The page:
ISSN (Print) - 0012-9976 | ISSN (Online) - 2349-8846

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NEW DELHI- Government Majority in Oil India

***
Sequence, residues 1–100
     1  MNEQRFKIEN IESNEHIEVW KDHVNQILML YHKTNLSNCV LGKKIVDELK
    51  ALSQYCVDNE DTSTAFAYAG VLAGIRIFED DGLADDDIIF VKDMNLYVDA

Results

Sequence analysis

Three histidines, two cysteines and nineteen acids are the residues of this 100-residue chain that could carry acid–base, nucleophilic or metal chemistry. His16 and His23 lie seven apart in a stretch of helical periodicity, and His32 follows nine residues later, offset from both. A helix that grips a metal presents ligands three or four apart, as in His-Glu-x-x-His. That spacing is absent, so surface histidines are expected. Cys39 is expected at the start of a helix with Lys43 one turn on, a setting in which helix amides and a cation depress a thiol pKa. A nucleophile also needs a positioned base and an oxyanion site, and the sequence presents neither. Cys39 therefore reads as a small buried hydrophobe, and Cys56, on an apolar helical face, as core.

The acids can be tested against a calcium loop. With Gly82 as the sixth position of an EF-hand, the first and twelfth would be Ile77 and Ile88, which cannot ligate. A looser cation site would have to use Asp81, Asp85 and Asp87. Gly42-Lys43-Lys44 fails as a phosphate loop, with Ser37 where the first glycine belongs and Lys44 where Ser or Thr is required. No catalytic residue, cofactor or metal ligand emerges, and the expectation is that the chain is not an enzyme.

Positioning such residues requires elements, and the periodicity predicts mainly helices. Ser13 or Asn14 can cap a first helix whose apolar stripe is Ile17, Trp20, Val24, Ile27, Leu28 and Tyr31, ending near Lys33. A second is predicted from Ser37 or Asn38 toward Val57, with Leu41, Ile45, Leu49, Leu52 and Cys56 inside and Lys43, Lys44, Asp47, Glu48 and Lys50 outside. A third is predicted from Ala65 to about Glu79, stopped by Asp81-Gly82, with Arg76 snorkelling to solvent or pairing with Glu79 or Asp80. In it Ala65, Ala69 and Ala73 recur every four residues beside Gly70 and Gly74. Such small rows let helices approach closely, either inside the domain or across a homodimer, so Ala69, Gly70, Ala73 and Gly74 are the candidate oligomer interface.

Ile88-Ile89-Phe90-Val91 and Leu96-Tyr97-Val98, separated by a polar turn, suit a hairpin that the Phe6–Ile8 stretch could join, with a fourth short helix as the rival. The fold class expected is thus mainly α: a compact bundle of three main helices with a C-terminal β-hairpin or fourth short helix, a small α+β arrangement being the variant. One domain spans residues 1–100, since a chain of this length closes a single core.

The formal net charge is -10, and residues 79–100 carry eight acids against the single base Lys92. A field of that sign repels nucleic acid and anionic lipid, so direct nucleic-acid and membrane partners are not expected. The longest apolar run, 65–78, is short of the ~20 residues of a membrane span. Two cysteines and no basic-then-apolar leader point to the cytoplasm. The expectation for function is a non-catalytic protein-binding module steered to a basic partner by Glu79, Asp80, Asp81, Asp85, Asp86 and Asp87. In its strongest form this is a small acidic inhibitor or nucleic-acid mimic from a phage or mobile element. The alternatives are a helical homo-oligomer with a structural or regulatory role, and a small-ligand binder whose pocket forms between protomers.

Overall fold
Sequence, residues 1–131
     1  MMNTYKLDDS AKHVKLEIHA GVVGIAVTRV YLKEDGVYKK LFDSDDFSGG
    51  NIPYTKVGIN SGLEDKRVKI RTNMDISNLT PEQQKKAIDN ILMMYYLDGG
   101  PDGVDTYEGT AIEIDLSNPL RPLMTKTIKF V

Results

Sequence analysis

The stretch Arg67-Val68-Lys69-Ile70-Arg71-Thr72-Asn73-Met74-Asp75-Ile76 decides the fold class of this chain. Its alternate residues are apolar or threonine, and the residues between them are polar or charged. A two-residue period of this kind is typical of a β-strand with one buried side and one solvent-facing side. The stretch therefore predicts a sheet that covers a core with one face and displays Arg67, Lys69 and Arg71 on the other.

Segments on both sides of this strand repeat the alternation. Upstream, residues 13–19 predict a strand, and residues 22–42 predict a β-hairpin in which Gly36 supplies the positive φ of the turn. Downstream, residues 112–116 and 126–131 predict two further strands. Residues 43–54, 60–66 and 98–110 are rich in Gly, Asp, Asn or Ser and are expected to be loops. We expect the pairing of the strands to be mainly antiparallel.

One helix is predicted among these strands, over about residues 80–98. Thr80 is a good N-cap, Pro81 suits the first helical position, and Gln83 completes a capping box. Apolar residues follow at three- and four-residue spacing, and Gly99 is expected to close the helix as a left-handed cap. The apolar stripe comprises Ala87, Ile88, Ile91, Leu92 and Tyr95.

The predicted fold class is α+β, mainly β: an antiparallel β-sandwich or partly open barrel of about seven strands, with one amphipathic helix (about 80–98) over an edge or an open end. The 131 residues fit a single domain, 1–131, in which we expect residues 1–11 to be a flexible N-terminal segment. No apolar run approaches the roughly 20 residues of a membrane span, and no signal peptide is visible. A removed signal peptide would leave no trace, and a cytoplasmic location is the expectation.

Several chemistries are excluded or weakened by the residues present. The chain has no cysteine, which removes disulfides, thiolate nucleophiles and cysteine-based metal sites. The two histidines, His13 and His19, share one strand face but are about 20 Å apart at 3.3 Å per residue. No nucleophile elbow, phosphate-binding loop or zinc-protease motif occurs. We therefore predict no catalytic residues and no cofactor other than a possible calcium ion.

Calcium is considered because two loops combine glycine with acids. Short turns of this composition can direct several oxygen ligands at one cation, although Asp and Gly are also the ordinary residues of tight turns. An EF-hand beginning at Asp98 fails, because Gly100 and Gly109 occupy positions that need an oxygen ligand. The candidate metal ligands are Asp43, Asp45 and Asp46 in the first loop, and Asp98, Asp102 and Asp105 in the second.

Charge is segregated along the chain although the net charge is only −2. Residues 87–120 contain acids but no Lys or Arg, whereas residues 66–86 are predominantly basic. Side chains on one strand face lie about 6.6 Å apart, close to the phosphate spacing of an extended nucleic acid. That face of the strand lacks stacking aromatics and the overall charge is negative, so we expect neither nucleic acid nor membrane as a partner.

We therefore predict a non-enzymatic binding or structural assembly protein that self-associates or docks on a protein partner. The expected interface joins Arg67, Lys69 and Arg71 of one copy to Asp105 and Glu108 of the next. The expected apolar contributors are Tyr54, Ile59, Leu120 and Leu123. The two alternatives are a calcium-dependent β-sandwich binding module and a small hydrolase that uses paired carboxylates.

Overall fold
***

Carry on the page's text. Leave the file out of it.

August 30, 1969 tion, elections are held cm the basis of the population and, therefore, the voice of the bigger States become dominant in the Parliament." This passage reflects the thinking of a section of the intelligentsia. Whether over Brahmaputra Control, Railway Divisionalisation, allocation of Central excise revenue, or location of a second refinery, one meets with the familiar sentiment and argument that the Centre is unwilling to do justice to Assam. The political parties are not slow to cash in on this prevalent mood. The 'Centre-phobia' was reflected in the speeches of the communist member, Phani Bora. He said to demonstrators on August 6, "the Government of Assam failed to get the demands of the people realised. Hence the people themselves must come forward to get the demands of the people realised and replace this Government, which is inactive and incapable of realising the legitimate grievances of the people.'' (Statesman, August 7.) Again, on June 4, 1969, no less a person than the CPI chief, C Rajeswar Rao, told an interviewer of a local newspaper that all political parties including the Congress in Assam should form a United Front against the Centre. The reasons he gave were the same: wilful negligence shown by the Centre in failing to industrialise Assam, pro- NEW DELHI vide for irrigation facilities, and ex- tend the broad-gauge railway Line to the whole of Assam.

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